Everyone, it seems, wants a big knife. Maybe it goes back to when we were kids, to that unforgettable day when a trusted adult handed us our very first knife. Because we were small, that knife felt big -- really big.
Since then, perhaps to recall that feeling (or because we've watched too many Rambo movies), many of us have tended toward large knives, admittedly way too big for practical everyday carry. In some situations that leaves us with no knife at all, and that's seldom a good thing.
The solution, of course, is to carry something else -- but what? And how?
Small (or small-ish) fixed-blades
Ah, the quest for the perfect everyday-carry (EDC) fixed-blade knife -- for some of us, it's a search that never ends.
At one end of the spectrum are mighty-mites like the ESEE Knives IZULA and Candiru, and the Bark River Knives Little Creek. Moving up from these compact blades we find the Bark River Rising Wolf and Northstar EDC, and the rugged ESEE-3.
Ultimately, the knife we choose depends on the tasks we'll ask it to perform and how much we can comfortably (and tactfully) carry. If all we do during the course of a day is open boxes and slice cheese, one of the pint-sized blades in the first group will serve nicely. More demanding chores -- like trimming bushes or cutting rope -- naturally will go better with a bigger little knife.
Then comes the matter of how to carry. Most folks don't consider toting their fixed-blade knife in a pocket, but in our experience it's just about the best way to carry it. There's a whole range of options, including multi-compartment pocket sheaths that accommodate more than one tool (say, a knife and a flashlight). They're so comfortable that you won't know that your knife is there 'til you need it, and so discreet that no one else will, either.
By the way, don't overlook the option of neck carry. Sure, some models are designed for it, but it's possible to adapt many small knives and their sheaths for this convenient method. Be a little creative and it's easy to get your favorite EDC off of your belt and put it where it works best for you.
A folding knife with a single blade can be the ideal compromise between utility and comfortable carry. Makers like Benchmade, Brous, Chris Reeve, Kershaw, Spyderco and Zero Tolerance offer small folders. A few make many of their most useful models in more than one size -- the large and small Chris Reeve Sebenza folders, for example, as well as Benchmade's Griptilian and Mini-Griptilian.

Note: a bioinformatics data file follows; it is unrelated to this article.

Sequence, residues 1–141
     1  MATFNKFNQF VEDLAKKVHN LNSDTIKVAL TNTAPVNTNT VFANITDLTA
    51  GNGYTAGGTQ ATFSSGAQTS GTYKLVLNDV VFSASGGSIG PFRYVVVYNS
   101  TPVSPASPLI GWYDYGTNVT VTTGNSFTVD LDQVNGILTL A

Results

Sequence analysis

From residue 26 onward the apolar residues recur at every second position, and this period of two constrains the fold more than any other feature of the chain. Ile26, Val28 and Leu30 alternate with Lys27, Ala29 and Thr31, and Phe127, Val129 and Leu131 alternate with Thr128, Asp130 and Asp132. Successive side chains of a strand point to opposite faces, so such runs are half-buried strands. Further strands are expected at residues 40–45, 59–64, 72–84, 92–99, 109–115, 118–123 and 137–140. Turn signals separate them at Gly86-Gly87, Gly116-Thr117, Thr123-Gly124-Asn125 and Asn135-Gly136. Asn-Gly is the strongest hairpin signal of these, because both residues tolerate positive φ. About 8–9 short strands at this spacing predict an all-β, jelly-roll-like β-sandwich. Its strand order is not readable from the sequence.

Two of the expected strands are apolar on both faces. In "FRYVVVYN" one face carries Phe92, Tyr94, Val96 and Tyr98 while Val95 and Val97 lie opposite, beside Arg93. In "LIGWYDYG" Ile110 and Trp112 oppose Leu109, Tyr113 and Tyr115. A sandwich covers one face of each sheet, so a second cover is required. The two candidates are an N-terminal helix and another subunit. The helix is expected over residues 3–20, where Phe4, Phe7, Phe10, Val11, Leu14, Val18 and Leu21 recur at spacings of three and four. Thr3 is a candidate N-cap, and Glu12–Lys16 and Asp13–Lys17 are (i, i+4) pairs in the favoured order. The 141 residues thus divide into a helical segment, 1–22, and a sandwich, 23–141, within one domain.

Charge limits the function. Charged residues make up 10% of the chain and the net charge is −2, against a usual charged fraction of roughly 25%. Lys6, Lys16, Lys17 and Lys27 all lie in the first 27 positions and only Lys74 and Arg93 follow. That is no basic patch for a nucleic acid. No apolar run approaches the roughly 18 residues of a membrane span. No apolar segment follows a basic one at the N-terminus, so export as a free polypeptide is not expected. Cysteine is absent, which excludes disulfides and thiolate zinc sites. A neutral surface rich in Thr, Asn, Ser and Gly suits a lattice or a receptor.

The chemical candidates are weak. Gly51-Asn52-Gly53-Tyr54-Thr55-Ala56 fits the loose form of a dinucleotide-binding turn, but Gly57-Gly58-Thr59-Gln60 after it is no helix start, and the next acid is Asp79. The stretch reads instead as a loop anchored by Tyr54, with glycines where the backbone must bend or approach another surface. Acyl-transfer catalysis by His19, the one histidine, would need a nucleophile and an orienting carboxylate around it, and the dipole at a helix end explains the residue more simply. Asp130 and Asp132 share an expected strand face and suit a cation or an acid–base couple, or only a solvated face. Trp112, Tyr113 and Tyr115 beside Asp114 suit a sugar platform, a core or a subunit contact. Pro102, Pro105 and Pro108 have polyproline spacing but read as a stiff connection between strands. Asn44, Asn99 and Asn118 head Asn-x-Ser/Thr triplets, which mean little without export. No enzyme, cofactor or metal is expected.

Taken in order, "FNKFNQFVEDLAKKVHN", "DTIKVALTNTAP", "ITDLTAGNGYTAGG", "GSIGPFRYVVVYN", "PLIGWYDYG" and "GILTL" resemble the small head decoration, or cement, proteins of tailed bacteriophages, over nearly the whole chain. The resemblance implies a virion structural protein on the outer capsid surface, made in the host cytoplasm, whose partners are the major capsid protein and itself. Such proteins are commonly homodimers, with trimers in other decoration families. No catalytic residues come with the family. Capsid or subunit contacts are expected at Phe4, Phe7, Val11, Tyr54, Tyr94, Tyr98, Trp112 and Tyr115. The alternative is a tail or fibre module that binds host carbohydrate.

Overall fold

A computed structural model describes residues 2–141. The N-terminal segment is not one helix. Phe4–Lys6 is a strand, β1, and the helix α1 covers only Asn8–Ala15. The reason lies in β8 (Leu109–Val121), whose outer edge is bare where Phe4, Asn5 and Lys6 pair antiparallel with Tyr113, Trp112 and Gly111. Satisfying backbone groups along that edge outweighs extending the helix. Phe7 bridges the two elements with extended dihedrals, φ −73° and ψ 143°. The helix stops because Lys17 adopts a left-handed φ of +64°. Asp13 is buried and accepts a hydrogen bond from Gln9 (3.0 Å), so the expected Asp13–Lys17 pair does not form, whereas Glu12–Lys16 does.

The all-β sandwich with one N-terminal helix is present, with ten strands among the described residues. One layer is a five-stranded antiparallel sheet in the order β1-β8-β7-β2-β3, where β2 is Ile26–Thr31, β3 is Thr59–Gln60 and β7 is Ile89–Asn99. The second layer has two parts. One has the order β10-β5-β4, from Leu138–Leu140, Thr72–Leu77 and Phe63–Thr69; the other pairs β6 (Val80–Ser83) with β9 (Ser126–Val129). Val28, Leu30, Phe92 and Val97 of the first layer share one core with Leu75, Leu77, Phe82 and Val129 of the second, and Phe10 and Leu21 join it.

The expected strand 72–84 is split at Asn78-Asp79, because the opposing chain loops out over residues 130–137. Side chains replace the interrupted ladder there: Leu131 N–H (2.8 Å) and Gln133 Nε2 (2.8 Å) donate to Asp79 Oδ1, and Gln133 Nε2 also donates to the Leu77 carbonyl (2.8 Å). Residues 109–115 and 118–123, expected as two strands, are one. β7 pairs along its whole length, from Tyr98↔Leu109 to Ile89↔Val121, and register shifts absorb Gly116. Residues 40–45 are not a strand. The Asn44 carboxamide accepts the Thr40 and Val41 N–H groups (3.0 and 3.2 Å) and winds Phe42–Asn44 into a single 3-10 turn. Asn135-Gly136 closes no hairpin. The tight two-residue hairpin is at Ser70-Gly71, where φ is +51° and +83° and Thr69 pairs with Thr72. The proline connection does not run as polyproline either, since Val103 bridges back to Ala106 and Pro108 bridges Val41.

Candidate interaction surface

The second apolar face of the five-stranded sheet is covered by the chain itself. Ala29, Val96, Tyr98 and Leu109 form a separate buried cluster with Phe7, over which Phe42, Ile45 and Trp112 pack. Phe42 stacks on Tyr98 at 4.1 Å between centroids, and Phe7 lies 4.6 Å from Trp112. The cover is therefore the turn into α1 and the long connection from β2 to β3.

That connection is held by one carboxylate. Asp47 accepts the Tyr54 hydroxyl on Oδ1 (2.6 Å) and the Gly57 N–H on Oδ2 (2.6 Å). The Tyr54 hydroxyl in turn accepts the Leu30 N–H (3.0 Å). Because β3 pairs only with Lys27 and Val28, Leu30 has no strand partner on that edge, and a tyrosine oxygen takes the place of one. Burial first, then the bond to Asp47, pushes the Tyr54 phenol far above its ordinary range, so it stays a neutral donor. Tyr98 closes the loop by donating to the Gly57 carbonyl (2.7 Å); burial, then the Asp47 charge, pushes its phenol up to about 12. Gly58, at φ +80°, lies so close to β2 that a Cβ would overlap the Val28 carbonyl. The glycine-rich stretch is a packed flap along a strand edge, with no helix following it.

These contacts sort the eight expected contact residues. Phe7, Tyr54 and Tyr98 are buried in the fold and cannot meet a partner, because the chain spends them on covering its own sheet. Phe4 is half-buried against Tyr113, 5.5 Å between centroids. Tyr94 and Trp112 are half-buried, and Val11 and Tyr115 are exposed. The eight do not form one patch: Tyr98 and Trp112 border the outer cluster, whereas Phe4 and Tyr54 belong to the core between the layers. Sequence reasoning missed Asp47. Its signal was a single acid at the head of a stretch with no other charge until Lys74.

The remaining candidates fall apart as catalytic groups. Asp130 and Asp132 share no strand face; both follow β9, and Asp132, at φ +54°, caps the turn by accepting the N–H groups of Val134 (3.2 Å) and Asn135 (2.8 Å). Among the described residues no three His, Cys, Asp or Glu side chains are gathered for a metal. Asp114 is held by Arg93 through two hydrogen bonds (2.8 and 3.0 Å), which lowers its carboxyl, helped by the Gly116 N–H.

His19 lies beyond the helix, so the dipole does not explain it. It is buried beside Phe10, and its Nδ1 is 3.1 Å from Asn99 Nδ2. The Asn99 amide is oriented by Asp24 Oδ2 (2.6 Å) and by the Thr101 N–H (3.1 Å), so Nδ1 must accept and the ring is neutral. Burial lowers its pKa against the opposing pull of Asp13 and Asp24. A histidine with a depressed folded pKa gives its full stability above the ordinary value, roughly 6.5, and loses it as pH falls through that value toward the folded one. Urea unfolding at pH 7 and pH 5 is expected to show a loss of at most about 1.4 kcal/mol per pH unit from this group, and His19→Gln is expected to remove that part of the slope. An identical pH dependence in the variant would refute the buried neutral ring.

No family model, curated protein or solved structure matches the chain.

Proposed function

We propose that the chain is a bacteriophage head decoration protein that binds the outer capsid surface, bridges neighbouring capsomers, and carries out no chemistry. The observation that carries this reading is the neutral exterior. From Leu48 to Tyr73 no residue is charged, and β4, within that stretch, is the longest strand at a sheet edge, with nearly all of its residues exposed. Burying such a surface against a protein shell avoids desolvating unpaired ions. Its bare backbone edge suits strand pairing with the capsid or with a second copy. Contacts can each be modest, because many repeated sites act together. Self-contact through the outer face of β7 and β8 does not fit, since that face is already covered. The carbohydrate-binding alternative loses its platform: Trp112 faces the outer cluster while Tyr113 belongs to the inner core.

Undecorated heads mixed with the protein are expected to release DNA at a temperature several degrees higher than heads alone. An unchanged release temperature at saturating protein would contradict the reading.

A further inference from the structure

Even the larger knives in these sibling pairs can be carried easily, but we're especially fond of small-frame folders like the Mini-Grip. They're lighter, less likely to "offend" sensitive citizens and offer plenty of working blade for most everything we need to do. Their pocket clips keep them handy and out of our spare change, too.
The humble pocketknife
We confess -- we're hopelessly in love with traditional slipjoints. Whether it has one blade, two blades or more, no matter if the tang stamp says Canal Street, Great Eastern, Northwoods or Queen, there's nothing like a good old-fashioned pocketknife.
Our affection owes to more than simple nostalgia, though -- for us it's all about versatility. With a multi-blade slippie in our pocket, we can carry more than one knife in a very small package. We can even sharpen the blades differently for different tasks. What could be better than that?
The most common objection that we hear about carrying a conventional slipjoint, especially one of the larger ones, is, "It feels like I've got a rock in my pocket." That's why KnivesShipFree created the PocketSlip.
It's easy to see that this simple leather sleeve will prevent damage caused by keys, coins and other essential pocket stuff. What's not so obvious is that the PocketSlip spreads out the mass of the knife, keeps it from flopping around and makes it seem to disappear. You have to try it to believe it.
We still love (and use) our Bowies and our big bushcraft blades, and we carry one whenever we have a need for a big knife. Most of the time, however, we like to go small.
Truth is, most of the time it's all we need.